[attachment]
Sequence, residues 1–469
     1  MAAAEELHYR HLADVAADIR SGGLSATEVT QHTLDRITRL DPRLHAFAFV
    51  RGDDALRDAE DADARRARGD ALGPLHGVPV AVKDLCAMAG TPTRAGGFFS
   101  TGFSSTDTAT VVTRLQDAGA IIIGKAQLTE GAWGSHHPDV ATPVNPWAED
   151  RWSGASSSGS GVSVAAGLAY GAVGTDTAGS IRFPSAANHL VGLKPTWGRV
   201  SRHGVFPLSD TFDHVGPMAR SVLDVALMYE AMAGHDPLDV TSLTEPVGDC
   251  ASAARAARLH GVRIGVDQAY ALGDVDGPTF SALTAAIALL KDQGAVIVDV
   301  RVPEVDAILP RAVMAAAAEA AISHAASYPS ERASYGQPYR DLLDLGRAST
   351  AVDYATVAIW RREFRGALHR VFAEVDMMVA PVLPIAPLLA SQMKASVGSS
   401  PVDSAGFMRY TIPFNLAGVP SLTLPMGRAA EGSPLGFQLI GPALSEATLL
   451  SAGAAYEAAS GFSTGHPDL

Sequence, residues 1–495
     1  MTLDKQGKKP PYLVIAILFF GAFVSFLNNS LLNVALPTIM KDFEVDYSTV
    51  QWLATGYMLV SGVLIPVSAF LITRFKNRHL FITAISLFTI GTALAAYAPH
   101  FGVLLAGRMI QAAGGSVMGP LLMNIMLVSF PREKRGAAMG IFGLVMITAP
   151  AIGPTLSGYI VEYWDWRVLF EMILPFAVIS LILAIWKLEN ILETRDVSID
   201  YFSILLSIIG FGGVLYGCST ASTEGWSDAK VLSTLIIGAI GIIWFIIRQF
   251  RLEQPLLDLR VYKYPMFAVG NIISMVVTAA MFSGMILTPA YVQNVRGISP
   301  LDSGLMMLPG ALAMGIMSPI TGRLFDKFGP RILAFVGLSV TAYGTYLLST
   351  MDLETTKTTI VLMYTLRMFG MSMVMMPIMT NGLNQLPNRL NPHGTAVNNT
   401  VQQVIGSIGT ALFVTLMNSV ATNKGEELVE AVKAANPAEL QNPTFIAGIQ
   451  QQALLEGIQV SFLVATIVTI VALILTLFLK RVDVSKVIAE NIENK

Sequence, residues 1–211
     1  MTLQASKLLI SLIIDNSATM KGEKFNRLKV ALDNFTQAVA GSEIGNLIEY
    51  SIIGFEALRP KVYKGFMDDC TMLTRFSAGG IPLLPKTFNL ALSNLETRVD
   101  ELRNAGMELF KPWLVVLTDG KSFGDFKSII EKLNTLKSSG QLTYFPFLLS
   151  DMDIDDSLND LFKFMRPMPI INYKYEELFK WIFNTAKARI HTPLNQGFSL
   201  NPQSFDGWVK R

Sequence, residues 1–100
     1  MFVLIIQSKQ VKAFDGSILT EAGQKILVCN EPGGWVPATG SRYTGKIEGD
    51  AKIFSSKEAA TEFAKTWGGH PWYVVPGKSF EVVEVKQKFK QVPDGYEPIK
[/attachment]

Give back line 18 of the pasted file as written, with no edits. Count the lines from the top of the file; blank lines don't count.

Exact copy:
   251  RLEQPLLDLR VYKYPMFAVG NIISMVVTAA MFSGMILTPA YVQNVRGISP